Next, I stapled the cardboard all the way around the frame.

This may be more staples than necessary, but better safe than sorry!

Then I attached stick on Velcro all around the frame, half covering the sides, half on the front face of the panel.

Attaching the Velcro.                                          Snipping the corners of the Velcro so they lay nice and flat.

This is the finished panel.

This is the outside view of the light-box, the inside will just be white.

Then, I made more panels.  You need five panels to make a light box (top, bottom and three sides).
I put the soft Velcro all the way around the bottom and top panels.
For the side panels, I put hard Velcro on the tops and bottoms, then hard and soft in the appropriate places so they make a cube when velcroed together; one panel with soft Velcro on both sides and then the other two with hard Velcro on one side each.  This used up the entire 15 foot box of Velcro.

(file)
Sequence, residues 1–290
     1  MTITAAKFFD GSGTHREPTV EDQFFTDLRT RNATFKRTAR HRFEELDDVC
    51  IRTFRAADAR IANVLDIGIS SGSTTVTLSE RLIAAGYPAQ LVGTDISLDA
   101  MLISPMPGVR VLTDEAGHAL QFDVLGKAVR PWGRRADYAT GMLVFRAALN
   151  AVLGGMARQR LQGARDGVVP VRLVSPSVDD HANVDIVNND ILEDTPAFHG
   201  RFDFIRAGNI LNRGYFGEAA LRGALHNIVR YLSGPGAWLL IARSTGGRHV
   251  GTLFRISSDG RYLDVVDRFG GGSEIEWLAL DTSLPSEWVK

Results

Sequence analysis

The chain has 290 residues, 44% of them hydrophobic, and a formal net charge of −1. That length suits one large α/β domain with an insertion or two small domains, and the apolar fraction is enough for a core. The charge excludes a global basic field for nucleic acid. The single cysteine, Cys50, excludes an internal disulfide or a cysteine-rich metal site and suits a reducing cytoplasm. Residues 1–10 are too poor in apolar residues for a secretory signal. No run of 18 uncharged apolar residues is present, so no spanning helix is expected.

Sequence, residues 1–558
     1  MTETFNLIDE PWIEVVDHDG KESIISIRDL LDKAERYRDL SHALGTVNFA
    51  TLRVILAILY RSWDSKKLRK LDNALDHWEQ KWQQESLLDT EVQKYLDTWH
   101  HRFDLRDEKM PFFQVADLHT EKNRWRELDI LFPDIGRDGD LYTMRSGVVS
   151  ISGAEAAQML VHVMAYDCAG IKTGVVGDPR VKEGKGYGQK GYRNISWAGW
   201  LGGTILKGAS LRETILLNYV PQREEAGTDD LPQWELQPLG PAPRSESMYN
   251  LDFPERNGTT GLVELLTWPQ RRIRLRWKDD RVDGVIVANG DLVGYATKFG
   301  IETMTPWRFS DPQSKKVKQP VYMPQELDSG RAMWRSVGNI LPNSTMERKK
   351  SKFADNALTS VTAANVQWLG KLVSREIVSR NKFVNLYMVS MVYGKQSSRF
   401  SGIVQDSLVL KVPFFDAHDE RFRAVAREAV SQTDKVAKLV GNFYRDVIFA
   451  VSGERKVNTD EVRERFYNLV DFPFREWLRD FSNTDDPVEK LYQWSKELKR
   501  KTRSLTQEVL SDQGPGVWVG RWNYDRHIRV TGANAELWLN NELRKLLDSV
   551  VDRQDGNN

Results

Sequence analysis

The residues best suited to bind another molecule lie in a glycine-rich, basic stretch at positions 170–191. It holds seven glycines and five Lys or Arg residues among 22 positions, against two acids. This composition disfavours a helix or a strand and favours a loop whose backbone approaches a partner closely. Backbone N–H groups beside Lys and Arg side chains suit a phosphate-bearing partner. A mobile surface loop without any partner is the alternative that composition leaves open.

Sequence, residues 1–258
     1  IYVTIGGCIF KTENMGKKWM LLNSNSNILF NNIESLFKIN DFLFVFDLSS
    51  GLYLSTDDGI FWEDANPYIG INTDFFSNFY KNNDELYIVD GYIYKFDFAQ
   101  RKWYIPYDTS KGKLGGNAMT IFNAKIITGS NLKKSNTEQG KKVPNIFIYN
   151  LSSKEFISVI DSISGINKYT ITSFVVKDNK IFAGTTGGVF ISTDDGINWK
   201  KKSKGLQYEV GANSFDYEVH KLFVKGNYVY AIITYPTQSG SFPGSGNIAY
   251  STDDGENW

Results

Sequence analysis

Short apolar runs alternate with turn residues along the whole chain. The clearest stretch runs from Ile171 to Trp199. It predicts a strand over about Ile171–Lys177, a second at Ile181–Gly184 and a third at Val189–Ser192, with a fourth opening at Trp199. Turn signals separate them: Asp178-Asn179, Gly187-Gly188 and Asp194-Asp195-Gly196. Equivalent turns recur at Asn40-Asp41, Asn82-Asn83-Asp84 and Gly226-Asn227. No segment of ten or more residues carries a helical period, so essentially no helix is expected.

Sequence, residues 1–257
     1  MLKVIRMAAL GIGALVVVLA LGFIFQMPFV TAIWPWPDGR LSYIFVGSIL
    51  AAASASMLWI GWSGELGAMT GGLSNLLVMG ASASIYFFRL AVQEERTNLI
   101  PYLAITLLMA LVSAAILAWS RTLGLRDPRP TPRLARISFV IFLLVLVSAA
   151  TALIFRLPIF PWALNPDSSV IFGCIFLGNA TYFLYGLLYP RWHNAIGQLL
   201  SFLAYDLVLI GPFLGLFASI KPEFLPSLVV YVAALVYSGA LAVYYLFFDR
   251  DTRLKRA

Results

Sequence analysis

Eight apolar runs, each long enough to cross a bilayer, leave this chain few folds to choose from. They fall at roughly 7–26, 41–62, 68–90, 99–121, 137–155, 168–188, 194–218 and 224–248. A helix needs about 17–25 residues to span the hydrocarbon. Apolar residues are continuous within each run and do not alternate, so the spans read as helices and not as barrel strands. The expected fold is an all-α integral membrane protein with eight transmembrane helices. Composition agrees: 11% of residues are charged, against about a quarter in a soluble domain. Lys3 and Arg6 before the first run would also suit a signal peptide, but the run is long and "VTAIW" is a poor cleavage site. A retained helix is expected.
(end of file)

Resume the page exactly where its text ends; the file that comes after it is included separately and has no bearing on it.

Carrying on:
All the panels stacked in a chair.  They store nice and flat.  Mine didn't turn out that square since the crappy little saw fought me and the rods didn't turn out perfect sized, but they still work just fine.

Here is the finished light box in the sun with a hat inside:


Setting it in the sun gives you nice even light for beautiful pictures.  You could use it inside with lamps shining on it, but laying it in the sun is just much easier.

And here's the hat's beautiful pictures:


This the hat I wear for drinking wine, can't you tell?

Here's some pictures I took of my friend's homemade Doctor Who Weeping Angel Christmas Tree Topper!

Here is the Orginal shot exposed one stop overIMG_6684IMG_6683
Original non Photoshopped pictures.

I shot her one stop overexposed and then adjusted the levels in Photoshop so she looks more like the actual angel; which looks like this:
IMG_6683 copy
Weeping Angel, beautiful but deadly.
Here the shot adjusted to look more like the actual angel in photoshop, just tweaked the levels

Here is a link to the Craftster blog my friend modified to make her angel:

Hope this was helpful!

Heather :-)